April 14, 1871
The process of Jews receiving political emancipation in Europe began with Napoleon’s conquest of the continent at the end of the eighteenth and beginning of the nineteenth centuries. With Napoleon, the concepts of liberty, fraternity and equality spread into Central Europe. A setback for attainment of Jewish equal rights in German lands followed Napoleon’s defeat and a return of conservative leaders and ideology. This reality resulted in many German states rescinding previously granted Jewish rights following the Congress of Vienna in 1814-1815.
In March 1848, a series of popular revolutions broke out in German lands against the power of the independent states. The 1848 revolutions pushed for the spread of liberal democratic principles, including emancipation for the Jews. Despite the failure of the revolutions to create a unified Germany in 1848, the groundwork for Jewish equality had been laid in the short-lived March 1849 Frankfurt Parliament.
In July 1869, Prussian King Wilhelm I promulgated the North German Confederation Constitution, which gave Jews civil and political rights in twenty-two German states. This Constitution was adopted by the new German empire upon its establishment on April 14, 1871. On April 22, 1871, the Jews in all of Germany were finally given emancipation when the Constitution was extended to Bavaria.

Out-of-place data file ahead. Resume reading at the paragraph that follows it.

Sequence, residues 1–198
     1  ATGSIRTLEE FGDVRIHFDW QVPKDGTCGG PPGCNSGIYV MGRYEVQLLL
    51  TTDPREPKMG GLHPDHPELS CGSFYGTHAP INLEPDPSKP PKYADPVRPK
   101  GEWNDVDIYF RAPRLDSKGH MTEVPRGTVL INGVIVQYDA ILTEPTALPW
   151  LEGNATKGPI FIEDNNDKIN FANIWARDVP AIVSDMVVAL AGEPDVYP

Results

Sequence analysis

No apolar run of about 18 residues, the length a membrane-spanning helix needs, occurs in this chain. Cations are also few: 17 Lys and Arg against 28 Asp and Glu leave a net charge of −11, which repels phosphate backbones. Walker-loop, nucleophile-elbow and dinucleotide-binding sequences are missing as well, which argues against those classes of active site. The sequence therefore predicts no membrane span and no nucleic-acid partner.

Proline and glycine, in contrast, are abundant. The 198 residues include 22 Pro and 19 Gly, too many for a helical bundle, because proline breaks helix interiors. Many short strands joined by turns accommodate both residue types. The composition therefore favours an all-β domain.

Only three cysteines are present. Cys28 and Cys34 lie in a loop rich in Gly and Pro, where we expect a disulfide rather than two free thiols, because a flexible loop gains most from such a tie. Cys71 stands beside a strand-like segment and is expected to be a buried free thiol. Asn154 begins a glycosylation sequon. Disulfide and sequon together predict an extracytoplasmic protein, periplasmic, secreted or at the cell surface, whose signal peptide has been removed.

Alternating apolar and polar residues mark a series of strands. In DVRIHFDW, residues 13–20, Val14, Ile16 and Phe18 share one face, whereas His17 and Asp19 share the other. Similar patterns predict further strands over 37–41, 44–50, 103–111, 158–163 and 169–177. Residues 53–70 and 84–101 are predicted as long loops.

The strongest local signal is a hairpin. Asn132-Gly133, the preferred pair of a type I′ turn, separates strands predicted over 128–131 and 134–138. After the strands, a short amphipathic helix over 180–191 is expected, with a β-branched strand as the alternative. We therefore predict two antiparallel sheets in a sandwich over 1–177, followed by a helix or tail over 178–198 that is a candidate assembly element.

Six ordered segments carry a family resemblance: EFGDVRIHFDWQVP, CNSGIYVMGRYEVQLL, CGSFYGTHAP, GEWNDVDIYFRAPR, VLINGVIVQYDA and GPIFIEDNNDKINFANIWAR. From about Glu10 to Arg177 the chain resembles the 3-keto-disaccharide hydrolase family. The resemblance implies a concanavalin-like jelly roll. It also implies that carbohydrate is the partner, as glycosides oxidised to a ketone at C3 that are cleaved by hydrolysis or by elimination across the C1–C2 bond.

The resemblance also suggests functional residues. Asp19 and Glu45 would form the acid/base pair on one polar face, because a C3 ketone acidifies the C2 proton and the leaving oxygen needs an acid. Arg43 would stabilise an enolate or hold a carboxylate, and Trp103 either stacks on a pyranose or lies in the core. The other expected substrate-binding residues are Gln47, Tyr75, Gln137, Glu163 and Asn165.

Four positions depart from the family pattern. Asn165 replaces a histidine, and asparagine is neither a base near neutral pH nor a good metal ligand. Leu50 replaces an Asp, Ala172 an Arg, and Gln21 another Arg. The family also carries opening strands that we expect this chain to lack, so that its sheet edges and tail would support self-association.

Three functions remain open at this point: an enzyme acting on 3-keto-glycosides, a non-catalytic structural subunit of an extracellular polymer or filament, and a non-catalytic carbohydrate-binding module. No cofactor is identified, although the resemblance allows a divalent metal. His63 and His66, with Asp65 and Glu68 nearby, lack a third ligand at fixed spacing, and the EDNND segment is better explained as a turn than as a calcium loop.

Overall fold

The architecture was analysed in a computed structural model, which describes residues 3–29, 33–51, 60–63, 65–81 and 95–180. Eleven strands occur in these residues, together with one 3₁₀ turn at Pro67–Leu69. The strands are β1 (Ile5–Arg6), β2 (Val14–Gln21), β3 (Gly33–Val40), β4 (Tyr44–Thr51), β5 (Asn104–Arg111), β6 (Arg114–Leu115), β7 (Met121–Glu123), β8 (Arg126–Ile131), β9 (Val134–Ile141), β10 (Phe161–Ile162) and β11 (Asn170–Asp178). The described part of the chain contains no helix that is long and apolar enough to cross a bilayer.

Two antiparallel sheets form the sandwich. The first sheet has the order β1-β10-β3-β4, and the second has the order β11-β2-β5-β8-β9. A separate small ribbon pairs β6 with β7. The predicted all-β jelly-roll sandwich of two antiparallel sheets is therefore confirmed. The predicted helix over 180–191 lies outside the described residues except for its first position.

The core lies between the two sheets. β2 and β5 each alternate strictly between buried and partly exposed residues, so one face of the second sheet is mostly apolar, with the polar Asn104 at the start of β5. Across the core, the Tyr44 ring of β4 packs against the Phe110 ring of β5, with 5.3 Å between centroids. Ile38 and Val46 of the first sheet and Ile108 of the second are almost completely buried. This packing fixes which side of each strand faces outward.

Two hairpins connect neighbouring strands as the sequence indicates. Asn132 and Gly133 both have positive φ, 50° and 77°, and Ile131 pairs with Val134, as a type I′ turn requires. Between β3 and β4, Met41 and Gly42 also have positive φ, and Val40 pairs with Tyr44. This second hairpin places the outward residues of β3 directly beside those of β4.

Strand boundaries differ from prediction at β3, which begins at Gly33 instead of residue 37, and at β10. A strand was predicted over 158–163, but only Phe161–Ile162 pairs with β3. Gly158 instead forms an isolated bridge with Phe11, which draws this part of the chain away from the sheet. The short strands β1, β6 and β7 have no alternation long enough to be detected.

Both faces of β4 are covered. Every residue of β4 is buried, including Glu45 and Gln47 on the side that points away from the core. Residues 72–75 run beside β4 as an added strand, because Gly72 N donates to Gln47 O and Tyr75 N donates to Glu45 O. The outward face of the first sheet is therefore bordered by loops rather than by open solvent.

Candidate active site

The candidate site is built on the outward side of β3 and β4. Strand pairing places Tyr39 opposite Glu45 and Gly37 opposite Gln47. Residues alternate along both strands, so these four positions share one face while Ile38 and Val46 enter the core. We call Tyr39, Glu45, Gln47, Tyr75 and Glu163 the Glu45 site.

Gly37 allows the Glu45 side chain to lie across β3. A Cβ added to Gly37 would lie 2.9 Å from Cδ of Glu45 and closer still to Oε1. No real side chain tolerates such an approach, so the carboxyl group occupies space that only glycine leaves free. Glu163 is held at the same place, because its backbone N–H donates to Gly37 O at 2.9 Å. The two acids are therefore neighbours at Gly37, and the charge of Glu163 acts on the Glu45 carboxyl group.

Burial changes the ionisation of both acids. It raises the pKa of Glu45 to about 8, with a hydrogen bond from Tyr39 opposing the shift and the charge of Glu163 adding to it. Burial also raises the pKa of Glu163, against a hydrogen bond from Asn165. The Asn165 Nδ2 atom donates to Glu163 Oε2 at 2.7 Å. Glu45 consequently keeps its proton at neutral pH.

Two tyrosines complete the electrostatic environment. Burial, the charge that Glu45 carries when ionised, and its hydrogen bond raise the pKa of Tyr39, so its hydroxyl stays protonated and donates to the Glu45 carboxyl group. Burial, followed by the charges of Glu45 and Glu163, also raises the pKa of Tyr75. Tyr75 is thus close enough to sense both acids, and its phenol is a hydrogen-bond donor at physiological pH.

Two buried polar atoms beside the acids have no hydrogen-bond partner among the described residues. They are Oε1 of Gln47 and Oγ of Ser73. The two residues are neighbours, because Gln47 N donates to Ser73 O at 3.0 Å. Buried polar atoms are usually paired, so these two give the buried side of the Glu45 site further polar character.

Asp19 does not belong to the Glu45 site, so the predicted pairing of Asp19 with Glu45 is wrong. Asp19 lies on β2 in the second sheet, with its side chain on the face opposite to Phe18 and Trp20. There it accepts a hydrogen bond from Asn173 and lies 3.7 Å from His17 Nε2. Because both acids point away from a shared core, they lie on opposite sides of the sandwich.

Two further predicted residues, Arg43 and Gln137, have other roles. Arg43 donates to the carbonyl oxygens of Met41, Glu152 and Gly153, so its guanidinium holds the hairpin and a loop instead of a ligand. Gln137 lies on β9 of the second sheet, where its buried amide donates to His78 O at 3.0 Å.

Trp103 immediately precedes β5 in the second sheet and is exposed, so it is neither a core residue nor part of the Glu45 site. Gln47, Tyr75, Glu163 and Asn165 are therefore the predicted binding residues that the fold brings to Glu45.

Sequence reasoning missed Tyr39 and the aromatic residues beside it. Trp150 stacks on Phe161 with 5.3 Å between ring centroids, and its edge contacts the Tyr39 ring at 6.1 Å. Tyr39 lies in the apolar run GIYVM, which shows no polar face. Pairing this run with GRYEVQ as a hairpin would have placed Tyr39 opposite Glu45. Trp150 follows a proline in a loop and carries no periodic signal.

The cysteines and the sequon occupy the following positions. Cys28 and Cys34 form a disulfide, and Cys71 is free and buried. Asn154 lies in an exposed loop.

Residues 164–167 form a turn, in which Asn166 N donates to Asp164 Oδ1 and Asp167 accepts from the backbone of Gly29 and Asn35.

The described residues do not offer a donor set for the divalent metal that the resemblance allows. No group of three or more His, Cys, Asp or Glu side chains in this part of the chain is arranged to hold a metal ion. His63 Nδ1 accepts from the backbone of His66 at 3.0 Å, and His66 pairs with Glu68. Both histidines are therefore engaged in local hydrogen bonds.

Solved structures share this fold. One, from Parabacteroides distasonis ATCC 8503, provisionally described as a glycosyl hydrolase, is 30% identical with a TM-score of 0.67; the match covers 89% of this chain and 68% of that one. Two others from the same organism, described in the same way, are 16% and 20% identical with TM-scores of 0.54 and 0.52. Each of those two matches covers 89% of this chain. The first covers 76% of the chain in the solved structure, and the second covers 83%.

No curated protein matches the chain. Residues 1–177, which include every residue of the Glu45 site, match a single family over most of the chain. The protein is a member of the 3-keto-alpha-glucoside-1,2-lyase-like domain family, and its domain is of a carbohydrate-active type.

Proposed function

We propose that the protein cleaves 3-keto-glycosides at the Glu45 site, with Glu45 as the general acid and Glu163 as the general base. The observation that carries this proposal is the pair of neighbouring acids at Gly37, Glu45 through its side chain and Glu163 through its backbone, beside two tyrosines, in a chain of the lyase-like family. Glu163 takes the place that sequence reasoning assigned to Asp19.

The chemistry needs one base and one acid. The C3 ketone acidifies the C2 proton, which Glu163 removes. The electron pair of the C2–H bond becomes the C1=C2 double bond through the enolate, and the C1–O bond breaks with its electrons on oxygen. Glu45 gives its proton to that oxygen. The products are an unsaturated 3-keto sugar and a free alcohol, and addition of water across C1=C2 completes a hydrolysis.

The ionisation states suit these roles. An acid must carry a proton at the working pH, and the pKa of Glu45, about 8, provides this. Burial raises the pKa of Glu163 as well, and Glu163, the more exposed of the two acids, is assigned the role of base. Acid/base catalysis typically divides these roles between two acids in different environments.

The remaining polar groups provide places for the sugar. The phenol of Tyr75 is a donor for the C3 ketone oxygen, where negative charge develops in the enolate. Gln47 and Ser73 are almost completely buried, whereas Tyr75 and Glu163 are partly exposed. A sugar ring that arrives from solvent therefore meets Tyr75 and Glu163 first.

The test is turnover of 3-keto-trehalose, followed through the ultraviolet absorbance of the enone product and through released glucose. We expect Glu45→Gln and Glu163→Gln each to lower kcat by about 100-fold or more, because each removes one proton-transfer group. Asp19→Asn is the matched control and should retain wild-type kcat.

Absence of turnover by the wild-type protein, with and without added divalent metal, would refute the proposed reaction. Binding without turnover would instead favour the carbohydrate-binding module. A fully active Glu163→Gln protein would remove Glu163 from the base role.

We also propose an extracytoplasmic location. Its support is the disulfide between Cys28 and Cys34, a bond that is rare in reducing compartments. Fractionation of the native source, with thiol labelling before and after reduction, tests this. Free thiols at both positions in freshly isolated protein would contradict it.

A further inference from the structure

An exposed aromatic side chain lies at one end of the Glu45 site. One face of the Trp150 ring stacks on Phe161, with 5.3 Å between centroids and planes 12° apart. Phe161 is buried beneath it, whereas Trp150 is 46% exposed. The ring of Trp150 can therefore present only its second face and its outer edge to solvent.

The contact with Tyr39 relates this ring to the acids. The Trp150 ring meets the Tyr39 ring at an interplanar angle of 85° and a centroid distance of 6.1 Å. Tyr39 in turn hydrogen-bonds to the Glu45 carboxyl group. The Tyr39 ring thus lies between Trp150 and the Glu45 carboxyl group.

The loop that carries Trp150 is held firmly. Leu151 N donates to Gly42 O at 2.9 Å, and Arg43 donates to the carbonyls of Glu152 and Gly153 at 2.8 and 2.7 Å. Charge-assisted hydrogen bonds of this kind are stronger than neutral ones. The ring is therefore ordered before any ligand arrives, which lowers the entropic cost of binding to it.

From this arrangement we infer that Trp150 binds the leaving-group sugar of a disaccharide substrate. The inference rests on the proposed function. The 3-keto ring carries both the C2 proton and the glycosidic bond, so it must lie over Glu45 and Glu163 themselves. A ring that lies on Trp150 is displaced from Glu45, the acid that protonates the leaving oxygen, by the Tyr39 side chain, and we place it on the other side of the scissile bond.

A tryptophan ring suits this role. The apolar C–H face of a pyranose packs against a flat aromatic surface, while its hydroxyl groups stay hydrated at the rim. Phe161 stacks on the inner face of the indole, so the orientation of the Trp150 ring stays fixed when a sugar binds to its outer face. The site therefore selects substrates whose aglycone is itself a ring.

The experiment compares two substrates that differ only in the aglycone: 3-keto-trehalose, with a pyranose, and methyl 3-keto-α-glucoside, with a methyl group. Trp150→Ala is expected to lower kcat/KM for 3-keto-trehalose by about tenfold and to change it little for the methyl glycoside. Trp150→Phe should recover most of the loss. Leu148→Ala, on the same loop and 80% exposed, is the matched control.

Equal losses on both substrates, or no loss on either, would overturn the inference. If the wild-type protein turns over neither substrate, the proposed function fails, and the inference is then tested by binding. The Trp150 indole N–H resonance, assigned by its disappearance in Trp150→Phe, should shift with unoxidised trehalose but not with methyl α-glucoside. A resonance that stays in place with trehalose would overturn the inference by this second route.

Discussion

The process of Jewish emancipation led to many changes in both Jewish and non-Jewish society. Some Jews continued religious identification with non-Orthodox Judaism, seeking to remain Jewish but more like their Christian peers; some converted to Christianity because the Emancipation of 1871 still prevented Jews from gaining access to certain high profile social positions; others simply assimilated. Emancipation also led to new and more virulent forms of anti-Semitism, a term that was coined in 1879 in a pamphlet by Wilhelm Marr. Marr became the father of virulent racial anti-Semitism, singling out Jews as inferior because of their racial impurity.
The photo shows the Constitution of the German Empire, which was proclaimed by Emperor Wilhelm I on April 16, 1871.